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LibCurl cpan:CTILMES last updated on 2021-03-02
# Raku LibCurl

[![Build Status](](

[Simple Examples](#simple-examples)
[Header Options](#header-options)
[Special Options](#special-options)
[Received headers](#received-header-fields)

A [Raku]( interface to

    libcurl is a free and easy-to-use client-side URL transfer
    library, supporting DICT, FILE, FTP, FTPS, Gopher, HTTP, HTTPS,
    SMTP, SMTPS, Telnet and TFTP. libcurl supports SSL certificates,
    HTTP POST, HTTP PUT, FTP uploading, HTTP form based upload,
    proxies, cookies, user+password authentication (Basic, Digest,
    NTLM, Negotiate, Kerberos), file transfer resume, http proxy
    tunneling and more!

    libcurl is highly portable, it builds and works identically on
    numerous platforms, including Solaris, NetBSD, FreeBSD, OpenBSD,
    Darwin, HPUX, IRIX, AIX, Tru64, Linux, UnixWare, HURD, Windows,
    Amiga, OS/2, BeOs, Mac OS X, Ultrix, QNX, OpenVMS, RISC OS, Novell
    NetWare, DOS and more...

    libcurl is free, thread-safe, IPv6 compatible, feature rich, well
    supported, fast, thoroughly documented and is already used by many
    known, big and successful companies and numerous applications.

## Simple Examples

    use LibCurl::Easy;

    # GET
    print => '').perform.content;

    # GET (download a file) => '',
                      download => 'somefile').perform;

    # HEAD
    say, URL => '')

    # PUT (upload a file) => '',
                      upload => 'somefile').perform;

    # PUT (content from a string) => '',
                      send => 'My Content').perform;

     # DELETE => '',
                      customrequest => 'DELETE').perform;

    # POST => '',
                      postfields => 'name=foo&opt=value').perform;

## LibCurl::HTTP

If even those aren't easy enough, there is a tiny sub-class
**LibCurl::HTTP** that adds aliases for the common HTTP methods:

    use LibCurl::HTTP;

    my $http =;

    say $http.GET('').perform.content;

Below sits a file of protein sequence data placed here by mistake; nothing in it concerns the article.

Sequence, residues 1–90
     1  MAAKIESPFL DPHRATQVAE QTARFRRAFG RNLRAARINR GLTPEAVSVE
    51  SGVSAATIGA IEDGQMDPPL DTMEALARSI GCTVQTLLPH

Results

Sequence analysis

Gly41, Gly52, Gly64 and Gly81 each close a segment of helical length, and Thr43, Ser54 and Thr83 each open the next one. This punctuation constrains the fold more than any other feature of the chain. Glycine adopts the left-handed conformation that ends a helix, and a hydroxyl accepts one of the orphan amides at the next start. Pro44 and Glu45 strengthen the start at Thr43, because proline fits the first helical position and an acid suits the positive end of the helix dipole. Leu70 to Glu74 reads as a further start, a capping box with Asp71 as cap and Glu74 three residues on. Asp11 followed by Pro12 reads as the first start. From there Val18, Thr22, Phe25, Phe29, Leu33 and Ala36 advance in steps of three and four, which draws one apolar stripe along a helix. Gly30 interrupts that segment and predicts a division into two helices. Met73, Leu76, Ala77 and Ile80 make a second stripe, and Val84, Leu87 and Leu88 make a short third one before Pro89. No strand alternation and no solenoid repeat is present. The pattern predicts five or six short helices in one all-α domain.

say $http.GET('', 'myfile').perform.response-code;

    say $http.HEAD('').perform.response-code;


    $http.PUT('', 'myfile').perform;

    $http.POST('', 'name=foo&opt=value').perform;

LibCurl::HTTP methods also enable `failonerror` by default, so any
HTTP response >= 400 will throw an error.

You can even import very simple subroutines ala [WWW](

    use LibCurl::HTTP :subs;

    # Just GET content (will return Failure on failure):
    say get '';

    # GET and decode received data as JSON:
    say jget('')<args><foo>;

    # POST content (query args are OK; pass form as named args)
    say post '', :some<form>, :42args;

    # And if you need headers, pass them inside a positional Hash:
    say post '', %(:Some<Custom-Header>),
        :some<form>, :42args;

    # Same POST as above + decode response as JSON
    say jpost('', :some<form-arg>)<form><some>;

## Fancier Example

    my $curl =, :followlocation);
    $curl.setopt(URL => '', download => './myfile.html');
    say $curl.success;
    say $curl.Content-Type;
    say $curl.Content-Length;
    say $curl.Date;
    say $curl.response-code;
    say $curl.statusline;

Of course the full power of [libcurl]( is
available, so you aren't limited to HTTP URLs, you can use FTP, SMTP,
TFTP, SCP, SFTP, and many, many more.

## Options

Many of the libcurl
[options]( are
available, mostly just skip the ```CURLOPT_```, lowercase, and use '-'
instead of '_'.  For example, instead of
```CURLOPT_ACCEPT_ENCODING```, use ```accept-encoding```.  When the
options are really boolean (set to 1 to enable and 0 to disable), you
can treat them like option booleans if you want, ```:option``` to
enable, and ```:!option``` to disable.

Just like libcurl, the primary option is
[URL](, and can take
many forms depending on the desired protocol.

Options can be set on a handle either on initial creation with
```new()```, or later with ```.setopt()```.  As a convenience, you can
also just treat them like normal object methods.  These are all

    my $curl =, :followlocation,
                                 URL => '');

    $curl.setopt(:verbose, followlocation => 1);
    $curl.setopt(URL => '');


```postfields``` is actually
[CURLOPT_COPYPOSTFIELDS]( so it will always copy the fields.

Some of the normal options have **_LARGE** versions.  LibCurl always
maps the option to the **_LARGE** option where they exist, so you